Nquthu residents explain why they gave ANC the boot

“We have suffered enough and we hope we won’t have to experience this again.”

Photo of voters

Nquthu residents cast their votes in Ward 15 at Spring Lake High School. Photo: Nompendulo Ngubane

By Nompendulo Ngubane

26 May 2017

After multiple attempts to form a council in Nquthu in the north of KwaZulu-Natal, residents finally elected a party on Wednesday that will be able to rule without forming a coalition.

Previously no party had a majority in the municipality, with most of the seats about evenly split between the ANC and IFP. Now the IFP has 19 of the 33 seats and can form a council. From the election last year, the IFP increased its overall total valid votes from 44% to 58%, while the ANC dropped from 42% to 33%. Voter turnout was 60%, slightly up from the 2016 election. According to the Independent Electoral Commission (IEC), the number of voters had also increased on the voters roll in the past year.

According to TimesLive, the Umzinyathi district municipality also could not sit until now because of the failure of Nquthu to form a council. By law all the local councils have to be formed before the district council can be constituted, the TimesLive article explains.

The community has been without a municipality for seven months, since the last local elections. This has left the residents without basic service delivery – water, electricity and better roads.

GroundUp spoke to voters who expressed despair at the current state of the municipality.

Gabangani Xulu, who lives at Hlathi Dam in a location called Esidakeni, after casting his vote at Spring Lake High School, said: “All I want is for Esidakeni to be developed. We have suffered enough and we hope we won’t have to experience this again. Water has been a problem. There is no water at all. We fetch water from a dirty river. We travel on gravel roads and we have no electricity.”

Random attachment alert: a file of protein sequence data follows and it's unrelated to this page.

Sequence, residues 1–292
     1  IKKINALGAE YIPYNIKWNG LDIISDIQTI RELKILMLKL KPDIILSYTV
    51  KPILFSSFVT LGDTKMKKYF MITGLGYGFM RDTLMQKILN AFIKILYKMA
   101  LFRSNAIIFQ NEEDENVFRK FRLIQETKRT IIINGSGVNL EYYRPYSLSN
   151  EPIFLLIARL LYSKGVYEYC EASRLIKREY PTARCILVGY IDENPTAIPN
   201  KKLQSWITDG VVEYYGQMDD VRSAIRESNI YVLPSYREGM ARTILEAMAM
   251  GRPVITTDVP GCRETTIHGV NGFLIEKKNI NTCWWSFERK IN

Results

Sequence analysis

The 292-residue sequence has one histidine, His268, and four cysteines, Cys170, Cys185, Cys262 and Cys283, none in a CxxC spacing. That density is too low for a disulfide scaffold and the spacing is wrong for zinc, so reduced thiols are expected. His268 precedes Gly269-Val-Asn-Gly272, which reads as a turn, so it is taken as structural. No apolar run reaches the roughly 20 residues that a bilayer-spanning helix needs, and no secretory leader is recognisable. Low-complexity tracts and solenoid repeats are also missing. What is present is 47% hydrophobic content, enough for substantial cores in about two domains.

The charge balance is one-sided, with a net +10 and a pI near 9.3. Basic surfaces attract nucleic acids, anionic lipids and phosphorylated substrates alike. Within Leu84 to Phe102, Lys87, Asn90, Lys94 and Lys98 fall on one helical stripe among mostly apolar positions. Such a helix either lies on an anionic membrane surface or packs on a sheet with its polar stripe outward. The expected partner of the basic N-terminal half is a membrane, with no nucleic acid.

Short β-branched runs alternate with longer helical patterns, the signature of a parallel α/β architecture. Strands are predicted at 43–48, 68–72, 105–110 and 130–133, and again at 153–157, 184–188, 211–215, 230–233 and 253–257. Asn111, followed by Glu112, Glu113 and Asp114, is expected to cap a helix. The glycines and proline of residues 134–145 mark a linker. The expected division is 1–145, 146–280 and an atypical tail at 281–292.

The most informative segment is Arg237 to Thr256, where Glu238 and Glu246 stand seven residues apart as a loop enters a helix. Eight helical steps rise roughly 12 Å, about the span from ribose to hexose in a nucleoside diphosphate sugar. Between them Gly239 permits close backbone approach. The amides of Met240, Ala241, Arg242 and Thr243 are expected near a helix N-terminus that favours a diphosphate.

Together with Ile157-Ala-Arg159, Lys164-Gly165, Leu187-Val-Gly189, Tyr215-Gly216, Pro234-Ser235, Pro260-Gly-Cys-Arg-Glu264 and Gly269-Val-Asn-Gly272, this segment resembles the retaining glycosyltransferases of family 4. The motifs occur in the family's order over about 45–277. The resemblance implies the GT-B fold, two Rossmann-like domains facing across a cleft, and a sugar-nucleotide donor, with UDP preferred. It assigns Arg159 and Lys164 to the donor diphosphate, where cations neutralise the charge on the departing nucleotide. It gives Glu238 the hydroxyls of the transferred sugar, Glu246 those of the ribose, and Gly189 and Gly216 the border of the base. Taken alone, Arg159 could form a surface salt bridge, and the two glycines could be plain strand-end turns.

“For a country, that was given a title ‘democratic’ 22 years ago, it is a disgrace that residents are still this traumatized. The roads are a mess – let alone the long walk we travel to reach the clinic. We wish whoever wins ensures we recover from this mess. I have voted for the party that I believe would make a change in our lives.”

In ward 12, at Mkhonjane Primary School voting station, Mhlonisha Zulu said people had suffered enough. They don’t have water or electricity. “We are a rural area, but that doesn’t mean that we are animals … I’m never voting for the ANC. That party has failed dismally to honour us as residents. We have lost our faith and we don’t trust the party anymore. They have done enough damage. I’m hoping that other voters have the same thought as I do. During their [ANC] campaigns, they came here with food parcels thinking we can be fooled.”

Ward 11 resident Thobile Manyathi said, “Finally we belong somewhere and we will now have a mayor.”

Read the detailed election results on the IEC website